“And that comes in at a cost to the system and a nuisance to the patients, and potentially, you know, more radiation exposure, depending on what kind of scan it is,” he said, adding that “the entire [health care] system is not built in a patient-centric way.”
“Patients who have multiple chronic comorbidities, they literally plan their lives around their medical care. And it doesn't serve them that well,” Fanarjian said.
Fanarjian said there are tools that allow blood pressure monitoring from a patient’s home, and even dialysis can be done from home now. But more work needs to go into finding and scaling additional solutions. The fellowship provided him with further expertise.
“There’s a lot of skills that I learned that I just didn't have before, around patent writing and some product design, stakeholder interviews and market research, and pitching to investors. These are all things that are really important in developing new technologies that I just didn’t have access to before,” he said.
Another benefit to the program was working closely with the three other fellows who all have a diverse range of experiences in health care, medicine, and science. His colleague, fellow Bahar Rahsepar, for example, has a PhD in biomedical engineering.
Rahsepar’s work has involved neural engineering—how memories might be modulated in relation to stress disorders. Primarily focused on basic science research, she was interested in learning more about translation, that is, how to take her discoveries from bench to bedside.
“Different strategies that could be employed in translating basic science research into actual impactful results for patients. That's the broad category of what I’m interested in,” she said.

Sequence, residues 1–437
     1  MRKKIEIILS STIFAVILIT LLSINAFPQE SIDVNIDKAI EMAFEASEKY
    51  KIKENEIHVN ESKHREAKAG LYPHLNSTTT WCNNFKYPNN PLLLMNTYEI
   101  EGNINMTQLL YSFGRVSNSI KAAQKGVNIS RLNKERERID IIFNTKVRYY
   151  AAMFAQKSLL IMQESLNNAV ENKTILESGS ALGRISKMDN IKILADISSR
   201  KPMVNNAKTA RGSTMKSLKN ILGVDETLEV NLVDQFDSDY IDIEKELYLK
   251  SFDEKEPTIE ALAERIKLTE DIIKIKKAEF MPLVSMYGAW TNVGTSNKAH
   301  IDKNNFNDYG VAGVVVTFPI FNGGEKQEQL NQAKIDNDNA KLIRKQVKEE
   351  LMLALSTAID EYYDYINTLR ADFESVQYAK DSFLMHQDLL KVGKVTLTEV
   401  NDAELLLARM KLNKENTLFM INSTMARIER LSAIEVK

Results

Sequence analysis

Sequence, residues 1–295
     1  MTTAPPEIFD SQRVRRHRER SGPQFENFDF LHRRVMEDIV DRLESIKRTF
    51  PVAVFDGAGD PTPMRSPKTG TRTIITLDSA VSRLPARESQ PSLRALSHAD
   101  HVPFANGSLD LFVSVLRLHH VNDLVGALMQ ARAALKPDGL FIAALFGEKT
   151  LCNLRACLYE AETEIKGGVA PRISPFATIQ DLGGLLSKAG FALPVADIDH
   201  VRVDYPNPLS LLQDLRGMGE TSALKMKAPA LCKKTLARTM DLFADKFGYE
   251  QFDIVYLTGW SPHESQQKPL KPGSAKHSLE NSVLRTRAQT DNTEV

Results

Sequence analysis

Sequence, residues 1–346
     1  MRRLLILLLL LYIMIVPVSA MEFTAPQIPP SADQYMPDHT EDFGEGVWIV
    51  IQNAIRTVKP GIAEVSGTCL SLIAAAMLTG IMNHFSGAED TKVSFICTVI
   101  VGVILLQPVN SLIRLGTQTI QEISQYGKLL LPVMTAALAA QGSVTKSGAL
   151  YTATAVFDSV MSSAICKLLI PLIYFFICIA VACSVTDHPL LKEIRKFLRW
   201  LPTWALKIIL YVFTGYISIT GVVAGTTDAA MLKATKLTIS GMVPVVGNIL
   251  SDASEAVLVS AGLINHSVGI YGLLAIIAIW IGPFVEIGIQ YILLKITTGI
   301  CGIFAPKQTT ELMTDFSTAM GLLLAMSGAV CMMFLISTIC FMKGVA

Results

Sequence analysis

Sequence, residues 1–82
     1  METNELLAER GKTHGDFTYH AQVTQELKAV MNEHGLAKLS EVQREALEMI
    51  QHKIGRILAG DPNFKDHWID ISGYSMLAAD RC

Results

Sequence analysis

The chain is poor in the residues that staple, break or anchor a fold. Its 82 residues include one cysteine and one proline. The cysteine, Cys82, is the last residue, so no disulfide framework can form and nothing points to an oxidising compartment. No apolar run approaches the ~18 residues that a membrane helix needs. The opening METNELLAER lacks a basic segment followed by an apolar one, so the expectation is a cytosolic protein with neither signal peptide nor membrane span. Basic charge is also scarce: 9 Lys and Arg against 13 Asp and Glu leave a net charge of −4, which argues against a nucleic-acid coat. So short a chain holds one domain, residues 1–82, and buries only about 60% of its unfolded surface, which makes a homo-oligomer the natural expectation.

For the fellows group, she said, one of the key questions was ‘What is the impact for patients?’
‘It’s like, if you solve this, would there be time saved? Would quality of life be improved for patients? All of those questions come into consideration,” Rahsepar said.
The coronavirus pandemic, she added, also played a role in the group’s ultimate decision to concentrate on improvements to congestive heart failure care. As the pandemic led to a wider use of telemedicine, the possibilities surrounding home monitoring and care became more apparent.
Abello said this first fellows pilot group has already sparked industry interest, especially among investors in the venture capital community, she said.
“If they’re able to launch and develop a product for congestive heart failure patients, that’s a huge community of patients that will be served,” she said.
In fact, Abello said, it was an entrepreneur who provided the initial funding to support the fellowship program which, at this point, is completely supported by philanthropy.
“[Investors] see this as an opportunity to cultivate a pipeline of really strong talent that will stay in Boston,” she said. “But in order to grow this program, we need to continue getting support to be able to educate these future entrepreneurs and innovators.”